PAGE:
On this day in 1891, early reports of Charles Wells and his success at the Monte Carlo Casino were trickling in. This brief bulletin in The Times was typical:
GAMBLING AT MONTE CARLO
An Englishman named Wells, who is staying here, has just had a run of luck so extraordinary as to be the chief topic of the hour, not only with those who frequent the Casino, but among the residents of Monte Carlo generally. For the last three days this gentleman has played roulette incessantly, and during that time has won no less than £20,000 [equivalent to at least £2 million today] …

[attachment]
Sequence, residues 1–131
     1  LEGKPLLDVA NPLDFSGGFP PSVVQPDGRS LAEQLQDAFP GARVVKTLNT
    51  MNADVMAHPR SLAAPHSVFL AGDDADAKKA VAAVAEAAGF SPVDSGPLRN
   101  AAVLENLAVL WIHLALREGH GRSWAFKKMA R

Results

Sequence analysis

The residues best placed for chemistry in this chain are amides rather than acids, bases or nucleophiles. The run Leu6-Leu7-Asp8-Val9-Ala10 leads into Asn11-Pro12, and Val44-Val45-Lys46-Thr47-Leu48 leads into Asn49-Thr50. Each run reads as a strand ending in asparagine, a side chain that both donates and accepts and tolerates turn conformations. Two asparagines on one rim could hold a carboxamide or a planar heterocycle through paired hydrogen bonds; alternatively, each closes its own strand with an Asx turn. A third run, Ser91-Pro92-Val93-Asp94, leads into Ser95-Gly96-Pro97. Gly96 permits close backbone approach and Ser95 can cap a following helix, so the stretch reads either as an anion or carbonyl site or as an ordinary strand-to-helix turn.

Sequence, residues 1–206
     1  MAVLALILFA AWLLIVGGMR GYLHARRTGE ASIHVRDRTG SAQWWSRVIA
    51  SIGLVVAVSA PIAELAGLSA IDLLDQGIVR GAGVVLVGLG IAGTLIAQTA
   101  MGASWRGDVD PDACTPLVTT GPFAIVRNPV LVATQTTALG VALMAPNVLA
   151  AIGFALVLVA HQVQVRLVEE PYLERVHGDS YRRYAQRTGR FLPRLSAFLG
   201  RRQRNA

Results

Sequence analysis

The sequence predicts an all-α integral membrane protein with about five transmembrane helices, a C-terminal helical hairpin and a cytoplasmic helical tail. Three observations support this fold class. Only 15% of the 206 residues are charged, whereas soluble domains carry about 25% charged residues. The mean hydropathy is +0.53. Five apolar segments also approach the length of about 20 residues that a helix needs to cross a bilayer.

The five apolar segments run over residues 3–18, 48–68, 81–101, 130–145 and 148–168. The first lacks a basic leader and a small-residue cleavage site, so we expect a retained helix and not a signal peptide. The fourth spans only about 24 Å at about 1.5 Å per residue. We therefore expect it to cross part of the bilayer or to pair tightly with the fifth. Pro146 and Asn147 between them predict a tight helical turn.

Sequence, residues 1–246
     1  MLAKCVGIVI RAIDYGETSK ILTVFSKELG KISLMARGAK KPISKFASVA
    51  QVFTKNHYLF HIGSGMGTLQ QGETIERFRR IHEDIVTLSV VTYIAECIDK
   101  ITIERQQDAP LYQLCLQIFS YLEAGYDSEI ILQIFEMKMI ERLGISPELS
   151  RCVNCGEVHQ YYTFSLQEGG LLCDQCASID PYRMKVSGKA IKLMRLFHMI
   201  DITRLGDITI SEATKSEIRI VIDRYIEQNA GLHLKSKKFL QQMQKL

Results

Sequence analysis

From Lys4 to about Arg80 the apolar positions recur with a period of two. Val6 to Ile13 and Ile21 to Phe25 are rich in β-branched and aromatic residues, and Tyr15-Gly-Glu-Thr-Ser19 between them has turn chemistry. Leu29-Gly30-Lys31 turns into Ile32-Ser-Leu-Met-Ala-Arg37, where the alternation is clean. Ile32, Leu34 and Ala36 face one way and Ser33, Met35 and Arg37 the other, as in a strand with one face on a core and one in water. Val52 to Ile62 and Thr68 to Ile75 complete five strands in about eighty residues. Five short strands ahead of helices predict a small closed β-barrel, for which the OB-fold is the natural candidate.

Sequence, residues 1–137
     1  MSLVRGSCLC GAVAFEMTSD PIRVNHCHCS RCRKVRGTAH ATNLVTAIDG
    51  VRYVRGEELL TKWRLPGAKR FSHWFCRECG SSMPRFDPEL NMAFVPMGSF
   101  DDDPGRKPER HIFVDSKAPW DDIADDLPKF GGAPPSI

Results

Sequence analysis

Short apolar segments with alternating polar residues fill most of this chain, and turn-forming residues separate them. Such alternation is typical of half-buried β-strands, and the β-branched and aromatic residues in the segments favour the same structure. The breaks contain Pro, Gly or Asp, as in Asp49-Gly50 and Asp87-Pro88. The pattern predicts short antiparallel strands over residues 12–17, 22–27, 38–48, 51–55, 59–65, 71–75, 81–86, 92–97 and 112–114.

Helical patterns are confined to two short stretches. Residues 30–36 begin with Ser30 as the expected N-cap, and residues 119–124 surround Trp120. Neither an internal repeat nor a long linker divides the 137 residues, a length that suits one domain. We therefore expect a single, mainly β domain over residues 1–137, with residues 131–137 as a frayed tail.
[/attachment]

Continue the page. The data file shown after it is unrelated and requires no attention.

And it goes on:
So engrossed was this fortunate gambler that never once did he stir from his seat or partake of food during the 11 hours of play. He won several stakes of 26,000 f, and twice consecutively backed the number one ‘en plein’ successfully for 8,000 f, the maximum amount allowed. He also frequently backed with similar good fortune the even chances – red, odd and even, ‘marque,’ and ‘passe’ – and more than once won all these stakes at the same time. It is stated that he has sent on all his winnings to England, so as to place himself beyond the temptation of losing them by further operations at the gaming tables.